The Guardian asked several writers whether the United States is still "one nation under God." Here is how Judith Maltby replied:
At church the next day at my home parish, the sort of Episcopal parish that would give the Archbishop of Nigeria a heart attack, we prayed, as I have heard in every Episcopal church I've been in since the war began, for those serving under arms in Iraq and Afghanistan, including members of the parish. I can't recall when I last heard prayers for British troops in Iraq and Afghanistan in an English church. In England, perhaps, public prayers like that would be taken to imply support for the war. Nothing could be farther from the truth here and this is another way "one nation under God" manifests itself from perhaps a surprising quarter.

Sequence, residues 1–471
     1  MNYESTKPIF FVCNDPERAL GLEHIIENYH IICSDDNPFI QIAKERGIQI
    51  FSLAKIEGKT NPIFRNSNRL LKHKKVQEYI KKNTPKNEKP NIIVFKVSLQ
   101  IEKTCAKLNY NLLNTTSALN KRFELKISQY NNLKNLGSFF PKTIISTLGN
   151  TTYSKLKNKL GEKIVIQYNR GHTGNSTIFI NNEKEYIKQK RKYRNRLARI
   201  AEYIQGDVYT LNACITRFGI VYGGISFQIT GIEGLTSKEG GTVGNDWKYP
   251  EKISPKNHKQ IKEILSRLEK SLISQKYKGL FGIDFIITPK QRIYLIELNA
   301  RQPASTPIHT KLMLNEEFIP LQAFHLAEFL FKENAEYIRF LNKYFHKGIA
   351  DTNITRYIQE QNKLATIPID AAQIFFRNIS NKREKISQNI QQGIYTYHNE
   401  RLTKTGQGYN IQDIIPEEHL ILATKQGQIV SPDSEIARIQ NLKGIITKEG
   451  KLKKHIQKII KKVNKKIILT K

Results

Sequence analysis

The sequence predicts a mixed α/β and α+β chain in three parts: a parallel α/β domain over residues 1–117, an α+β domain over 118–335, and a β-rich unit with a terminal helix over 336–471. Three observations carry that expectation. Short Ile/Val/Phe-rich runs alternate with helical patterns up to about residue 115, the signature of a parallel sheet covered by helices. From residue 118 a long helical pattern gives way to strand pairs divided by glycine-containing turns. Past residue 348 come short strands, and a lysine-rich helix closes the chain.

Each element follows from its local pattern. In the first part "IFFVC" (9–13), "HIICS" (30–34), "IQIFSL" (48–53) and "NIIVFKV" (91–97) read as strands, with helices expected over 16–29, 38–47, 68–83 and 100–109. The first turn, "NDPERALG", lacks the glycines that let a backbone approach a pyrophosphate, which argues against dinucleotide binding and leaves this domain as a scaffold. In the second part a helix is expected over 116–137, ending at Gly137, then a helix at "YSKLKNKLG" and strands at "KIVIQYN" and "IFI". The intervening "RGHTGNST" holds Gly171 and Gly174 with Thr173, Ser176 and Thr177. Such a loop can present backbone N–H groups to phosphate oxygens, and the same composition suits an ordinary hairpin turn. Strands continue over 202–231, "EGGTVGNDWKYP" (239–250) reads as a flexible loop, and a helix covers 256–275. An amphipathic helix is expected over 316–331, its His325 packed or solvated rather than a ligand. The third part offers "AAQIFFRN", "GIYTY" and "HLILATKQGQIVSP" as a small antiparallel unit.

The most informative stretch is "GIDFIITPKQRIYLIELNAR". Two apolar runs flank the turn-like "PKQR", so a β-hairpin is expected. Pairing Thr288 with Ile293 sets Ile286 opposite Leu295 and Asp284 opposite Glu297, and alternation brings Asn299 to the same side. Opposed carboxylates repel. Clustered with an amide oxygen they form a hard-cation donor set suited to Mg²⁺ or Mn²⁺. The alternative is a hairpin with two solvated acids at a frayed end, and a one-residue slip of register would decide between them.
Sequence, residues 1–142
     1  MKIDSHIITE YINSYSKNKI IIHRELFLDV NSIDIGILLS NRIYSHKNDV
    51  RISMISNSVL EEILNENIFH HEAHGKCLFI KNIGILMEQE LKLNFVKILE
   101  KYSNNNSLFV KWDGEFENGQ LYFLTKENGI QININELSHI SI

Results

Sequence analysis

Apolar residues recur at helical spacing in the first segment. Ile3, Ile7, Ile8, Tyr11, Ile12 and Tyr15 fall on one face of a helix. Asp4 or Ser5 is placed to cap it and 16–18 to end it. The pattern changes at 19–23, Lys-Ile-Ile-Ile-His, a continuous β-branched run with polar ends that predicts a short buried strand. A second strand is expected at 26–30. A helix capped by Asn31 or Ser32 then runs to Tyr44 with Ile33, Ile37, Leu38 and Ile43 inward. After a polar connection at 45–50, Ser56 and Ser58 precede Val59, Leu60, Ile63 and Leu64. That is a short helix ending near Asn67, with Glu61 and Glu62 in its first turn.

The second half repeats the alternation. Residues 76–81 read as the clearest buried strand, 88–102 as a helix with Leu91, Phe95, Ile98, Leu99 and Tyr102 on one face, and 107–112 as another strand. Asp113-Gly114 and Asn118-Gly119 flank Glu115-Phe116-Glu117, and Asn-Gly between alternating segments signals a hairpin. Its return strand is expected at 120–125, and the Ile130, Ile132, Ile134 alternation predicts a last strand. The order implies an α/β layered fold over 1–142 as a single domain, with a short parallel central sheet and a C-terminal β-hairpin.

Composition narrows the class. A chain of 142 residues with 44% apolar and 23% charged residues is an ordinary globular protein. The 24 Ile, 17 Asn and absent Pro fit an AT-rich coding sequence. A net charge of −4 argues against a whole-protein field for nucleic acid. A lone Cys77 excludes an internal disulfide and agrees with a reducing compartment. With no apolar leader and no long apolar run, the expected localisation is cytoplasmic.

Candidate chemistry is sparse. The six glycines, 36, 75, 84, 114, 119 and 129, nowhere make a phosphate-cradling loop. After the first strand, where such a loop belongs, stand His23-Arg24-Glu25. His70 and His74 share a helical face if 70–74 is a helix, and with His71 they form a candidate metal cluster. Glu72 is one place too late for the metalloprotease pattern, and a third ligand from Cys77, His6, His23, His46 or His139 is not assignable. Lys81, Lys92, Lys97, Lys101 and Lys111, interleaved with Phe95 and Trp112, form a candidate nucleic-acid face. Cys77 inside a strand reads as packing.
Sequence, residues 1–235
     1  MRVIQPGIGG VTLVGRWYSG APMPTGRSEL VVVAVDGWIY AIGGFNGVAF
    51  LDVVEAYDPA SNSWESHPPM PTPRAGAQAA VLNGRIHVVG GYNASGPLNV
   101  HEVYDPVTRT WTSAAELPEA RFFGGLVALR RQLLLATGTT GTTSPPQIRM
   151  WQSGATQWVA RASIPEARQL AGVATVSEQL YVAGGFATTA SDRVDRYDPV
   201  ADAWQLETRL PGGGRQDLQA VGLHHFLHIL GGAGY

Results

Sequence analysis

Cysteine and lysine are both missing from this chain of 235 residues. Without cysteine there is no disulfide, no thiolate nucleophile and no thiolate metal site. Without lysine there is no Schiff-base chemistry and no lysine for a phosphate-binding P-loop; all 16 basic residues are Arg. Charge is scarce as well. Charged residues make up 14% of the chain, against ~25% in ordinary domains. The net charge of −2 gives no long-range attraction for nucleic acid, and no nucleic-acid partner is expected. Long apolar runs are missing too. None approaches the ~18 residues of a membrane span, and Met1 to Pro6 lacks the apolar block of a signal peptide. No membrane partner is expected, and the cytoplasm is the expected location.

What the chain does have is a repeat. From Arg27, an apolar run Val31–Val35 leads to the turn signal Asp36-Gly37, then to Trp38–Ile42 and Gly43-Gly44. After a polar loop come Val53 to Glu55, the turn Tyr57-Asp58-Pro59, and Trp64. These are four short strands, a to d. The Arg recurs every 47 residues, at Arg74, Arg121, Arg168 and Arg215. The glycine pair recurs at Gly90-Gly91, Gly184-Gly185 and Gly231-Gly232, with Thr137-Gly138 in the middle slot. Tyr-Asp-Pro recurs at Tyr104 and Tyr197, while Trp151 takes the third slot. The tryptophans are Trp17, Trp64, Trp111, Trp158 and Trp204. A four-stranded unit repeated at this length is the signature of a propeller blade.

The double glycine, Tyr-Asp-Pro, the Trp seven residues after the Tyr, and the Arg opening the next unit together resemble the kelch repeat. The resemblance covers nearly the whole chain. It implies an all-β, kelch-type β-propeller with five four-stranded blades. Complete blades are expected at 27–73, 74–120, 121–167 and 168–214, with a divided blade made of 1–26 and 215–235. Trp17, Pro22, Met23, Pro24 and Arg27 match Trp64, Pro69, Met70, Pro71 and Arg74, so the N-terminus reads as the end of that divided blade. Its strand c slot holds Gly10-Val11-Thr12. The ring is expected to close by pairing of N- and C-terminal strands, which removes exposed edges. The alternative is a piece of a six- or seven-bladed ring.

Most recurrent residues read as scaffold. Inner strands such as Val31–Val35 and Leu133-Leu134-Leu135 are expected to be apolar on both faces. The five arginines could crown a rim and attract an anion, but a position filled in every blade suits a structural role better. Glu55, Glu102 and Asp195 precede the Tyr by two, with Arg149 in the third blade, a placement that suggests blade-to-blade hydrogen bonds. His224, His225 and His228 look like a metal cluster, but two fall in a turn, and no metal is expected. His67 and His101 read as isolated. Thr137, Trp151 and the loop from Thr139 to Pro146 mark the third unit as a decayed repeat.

At the heart of all this is American exceptionalism – the belief that there is something special about the United States held by Americans of varied religious beliefs and none – it ought to be a country in which a seven-year-old Muslim American can aspire to be president. What seems to have divided Americans in this election is not disagreement over America's unique calling, but whether that vocation confers privilege or responsibility.